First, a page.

© Mohammed Alkhatib for InfoMigrants
© Mohammed Alkhatib for InfoMigrants

The legal situation of Palestinian refugees in Germany is complicated. Many of them have been complaining because their asylum applications have been rejected by German authorities. Does the German legal system discriminate towards them? Ali al-Makhlafi reports from Berlin.

The German Office for Migration and Refugees (BAMF) registered around 12,1281 asylum applications from Palestinians in 2015, but only 45 of the applications were accepted, according to German news website "Die Welt."

German law experts see these cases as very complicated because of how specific they are. "Authorities are asking them [Palestinians] for evidence that they do not belong to a particular country," German attorney Peter Burhard told "Die Welt."

The authorities are suspicious towards those of Palestinian origin and doubt that they lack a nationality.  According to German law, Palestine does not exist but there are Palestinian citizens. The authorities don’t recognize them as asylum seekers.

When did Germany begin rejecting Palestinian asylum seekers?

Palestinians as a nationality do not fall under the Geneva Convention's definition of a refugee. The German government has created their own system for dealing with Palestinian asylum applications.  Germany rejects asylum and protection requests from Palestinians who come from one of the Middle Eastern countries receiving assistance from UNRWA: United Nations Relief and Works Agency for Palestine.

Palestinian refugees in Germany often receive subsidiary protection instead of full asylum. Some rejected asylum seekers have complained in court against the German authorities for writing that their nationality was "not clear" or "unknown" on their documents.

Palestinian asylum seekers have been organizing protests and sit-ins in Germany. One protest was near the German parliament in Berlin and another near a building where asylum decisions are issued.  One of the protestors at a sit-in in February, by the name of Abu Shaddaq,  told Infomigrants that the goal of this demonstration was to "raise the voices of Palestinian asylum seekers and share their concerns with the German government." Many Palestinian youth were also protesting lack of access to getting a residence permit and not being able to work or study in Germany, he added.

Why can’t Germany return Palestinian refugees?

Although many asylum applications are rejected, some Palestinians get a right to residence. This is what happened to Mohammad Jabour. According to "Die Welt,"  German authorities tried to deport him 12 times between the years of 1996 and 2000. He was taken by the authorities to the airport, but came back each time because he did not have a visa to any other country and was not taken on by any airline. After all the failed deportation attempts, he was given a right to residence in Germany.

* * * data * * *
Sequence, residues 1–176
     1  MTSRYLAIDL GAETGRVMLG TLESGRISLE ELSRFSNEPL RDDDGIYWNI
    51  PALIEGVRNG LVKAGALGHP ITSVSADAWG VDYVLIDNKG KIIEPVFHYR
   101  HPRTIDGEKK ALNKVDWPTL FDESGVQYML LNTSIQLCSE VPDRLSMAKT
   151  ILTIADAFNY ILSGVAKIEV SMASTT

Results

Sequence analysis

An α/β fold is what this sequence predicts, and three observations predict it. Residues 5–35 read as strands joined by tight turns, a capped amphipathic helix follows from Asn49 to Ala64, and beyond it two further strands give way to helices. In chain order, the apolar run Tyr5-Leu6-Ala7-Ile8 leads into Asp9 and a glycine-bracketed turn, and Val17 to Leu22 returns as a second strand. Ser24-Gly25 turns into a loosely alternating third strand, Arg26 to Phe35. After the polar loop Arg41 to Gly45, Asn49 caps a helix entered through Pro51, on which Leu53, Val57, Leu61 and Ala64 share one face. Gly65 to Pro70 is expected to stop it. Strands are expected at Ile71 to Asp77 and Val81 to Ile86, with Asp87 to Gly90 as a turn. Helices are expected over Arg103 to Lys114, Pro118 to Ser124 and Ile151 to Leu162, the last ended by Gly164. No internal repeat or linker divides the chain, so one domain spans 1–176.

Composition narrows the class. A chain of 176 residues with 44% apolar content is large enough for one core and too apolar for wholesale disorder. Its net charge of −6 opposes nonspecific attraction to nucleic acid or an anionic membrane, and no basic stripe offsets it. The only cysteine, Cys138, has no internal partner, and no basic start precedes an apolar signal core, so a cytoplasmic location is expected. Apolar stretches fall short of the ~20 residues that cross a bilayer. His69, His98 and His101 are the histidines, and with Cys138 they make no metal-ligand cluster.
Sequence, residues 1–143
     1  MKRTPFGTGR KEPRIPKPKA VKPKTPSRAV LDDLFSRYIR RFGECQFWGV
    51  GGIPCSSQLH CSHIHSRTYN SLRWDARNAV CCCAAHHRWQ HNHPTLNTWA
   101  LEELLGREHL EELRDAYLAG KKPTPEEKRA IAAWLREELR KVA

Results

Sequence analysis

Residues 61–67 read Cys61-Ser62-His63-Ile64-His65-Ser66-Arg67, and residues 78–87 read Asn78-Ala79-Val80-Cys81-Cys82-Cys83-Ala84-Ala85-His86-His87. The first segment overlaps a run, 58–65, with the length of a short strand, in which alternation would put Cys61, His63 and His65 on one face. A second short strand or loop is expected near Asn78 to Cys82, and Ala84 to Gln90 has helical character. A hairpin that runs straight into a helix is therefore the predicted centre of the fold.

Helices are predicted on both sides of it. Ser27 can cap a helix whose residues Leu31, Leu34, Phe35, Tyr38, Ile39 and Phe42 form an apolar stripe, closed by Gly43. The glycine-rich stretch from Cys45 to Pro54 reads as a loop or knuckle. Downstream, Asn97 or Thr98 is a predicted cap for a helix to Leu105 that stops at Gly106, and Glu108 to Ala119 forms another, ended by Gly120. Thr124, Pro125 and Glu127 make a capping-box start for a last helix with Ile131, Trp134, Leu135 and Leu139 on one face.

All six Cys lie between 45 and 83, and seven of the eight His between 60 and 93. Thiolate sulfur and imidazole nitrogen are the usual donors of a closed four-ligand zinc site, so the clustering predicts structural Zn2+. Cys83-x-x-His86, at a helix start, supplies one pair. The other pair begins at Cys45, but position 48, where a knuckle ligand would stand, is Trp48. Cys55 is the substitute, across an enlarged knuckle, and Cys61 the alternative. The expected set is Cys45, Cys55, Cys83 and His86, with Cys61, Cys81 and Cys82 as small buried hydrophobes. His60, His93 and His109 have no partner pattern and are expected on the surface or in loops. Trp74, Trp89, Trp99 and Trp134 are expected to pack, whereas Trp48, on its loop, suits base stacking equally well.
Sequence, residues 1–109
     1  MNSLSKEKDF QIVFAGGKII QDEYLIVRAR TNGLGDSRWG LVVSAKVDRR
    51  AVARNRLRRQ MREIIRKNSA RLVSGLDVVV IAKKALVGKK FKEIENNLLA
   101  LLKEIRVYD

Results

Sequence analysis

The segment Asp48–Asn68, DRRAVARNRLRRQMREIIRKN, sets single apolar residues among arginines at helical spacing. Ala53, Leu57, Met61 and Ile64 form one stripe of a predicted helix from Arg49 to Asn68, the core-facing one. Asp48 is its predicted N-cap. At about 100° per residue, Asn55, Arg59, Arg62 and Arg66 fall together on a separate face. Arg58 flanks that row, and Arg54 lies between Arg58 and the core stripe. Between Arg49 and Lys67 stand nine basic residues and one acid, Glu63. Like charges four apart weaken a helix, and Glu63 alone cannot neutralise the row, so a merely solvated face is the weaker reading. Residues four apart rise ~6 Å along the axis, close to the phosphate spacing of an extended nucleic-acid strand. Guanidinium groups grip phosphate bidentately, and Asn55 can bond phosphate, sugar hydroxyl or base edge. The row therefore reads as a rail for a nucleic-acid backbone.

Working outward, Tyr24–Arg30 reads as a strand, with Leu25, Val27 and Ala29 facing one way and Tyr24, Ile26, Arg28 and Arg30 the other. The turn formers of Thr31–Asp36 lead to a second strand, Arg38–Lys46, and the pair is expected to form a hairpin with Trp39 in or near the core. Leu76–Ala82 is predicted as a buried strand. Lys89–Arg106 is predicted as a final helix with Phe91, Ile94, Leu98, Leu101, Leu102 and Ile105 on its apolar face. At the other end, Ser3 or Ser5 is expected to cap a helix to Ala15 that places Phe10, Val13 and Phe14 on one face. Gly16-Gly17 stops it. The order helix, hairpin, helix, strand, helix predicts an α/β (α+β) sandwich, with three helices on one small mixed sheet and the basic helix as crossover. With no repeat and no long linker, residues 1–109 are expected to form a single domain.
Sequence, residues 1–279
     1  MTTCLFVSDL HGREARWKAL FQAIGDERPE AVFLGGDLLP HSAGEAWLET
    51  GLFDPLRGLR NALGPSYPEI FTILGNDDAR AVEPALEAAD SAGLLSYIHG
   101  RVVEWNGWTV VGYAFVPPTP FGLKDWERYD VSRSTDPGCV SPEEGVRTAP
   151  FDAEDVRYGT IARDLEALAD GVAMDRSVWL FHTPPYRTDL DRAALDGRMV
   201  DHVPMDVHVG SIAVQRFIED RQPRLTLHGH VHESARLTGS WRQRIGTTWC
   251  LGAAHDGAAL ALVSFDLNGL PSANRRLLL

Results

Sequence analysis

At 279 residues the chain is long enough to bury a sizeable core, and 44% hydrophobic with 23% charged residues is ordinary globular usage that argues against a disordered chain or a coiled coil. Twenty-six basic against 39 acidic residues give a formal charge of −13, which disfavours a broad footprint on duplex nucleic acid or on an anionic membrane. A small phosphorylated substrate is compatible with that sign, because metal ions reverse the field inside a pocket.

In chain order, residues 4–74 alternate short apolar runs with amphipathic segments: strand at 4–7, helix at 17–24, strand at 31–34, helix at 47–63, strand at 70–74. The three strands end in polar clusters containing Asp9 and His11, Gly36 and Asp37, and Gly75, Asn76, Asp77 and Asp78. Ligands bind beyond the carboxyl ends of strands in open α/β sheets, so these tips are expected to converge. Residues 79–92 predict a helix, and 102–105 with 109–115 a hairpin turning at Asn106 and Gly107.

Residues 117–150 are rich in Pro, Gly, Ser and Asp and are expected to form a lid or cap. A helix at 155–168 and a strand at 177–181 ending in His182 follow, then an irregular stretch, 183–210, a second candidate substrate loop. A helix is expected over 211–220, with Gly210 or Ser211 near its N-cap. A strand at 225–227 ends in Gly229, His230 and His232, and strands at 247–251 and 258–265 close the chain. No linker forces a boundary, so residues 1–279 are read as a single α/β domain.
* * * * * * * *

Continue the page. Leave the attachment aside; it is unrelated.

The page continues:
According to the Palestinian activist Abu Shaddaq, "The German government treats Palestinian refugees poorly and some asylum applications are not decided on for a long time while sometimes the refugee gets a quick rejection... We demand that the German government deal with Palestinians in a humane way in regards to what they are going through, both at home and abroad."  He means that they want to be dealt with on a human level and not because of the policies of their government.

Normally, when an asylum seeker is deported from Germany to another country, the other country has to agree to accept them. In the case of Palestinians, they don’t have a formal nationality, which has made German authorities temporarily end deportations of Palestinians.

Longest refugee crisis

The Palestinian refugee problem is considered one of the longest refugee crises in the world and there is still no solution. There are 10.5 million Palestinians, with 7 million of them considered to be refugees according to the Konrad Adenauer foundation website. According to the foundation, not every Palestinian refugee living abroad is in exile or forced absence; not every Palestinian living in exile  is a refugee and not every refugee is registered as one. Also, not every displaced Palestinian is a refugee.

According to Jewish German-language website "haGalil," German authorities refuse, on principal, to grant asylum to Palestinian asylum seekers. They give them the discriminatory “Right to reside” status  without any real rights.

This is different compared to other nationalities such as Iraqis who receive asylum or subsidiary protection. The website considers this not only a violation of human rights but also a violation of an article in German Basic Law, which states that all human beings are equal.

Author: Ali al-Makhlafi/wd


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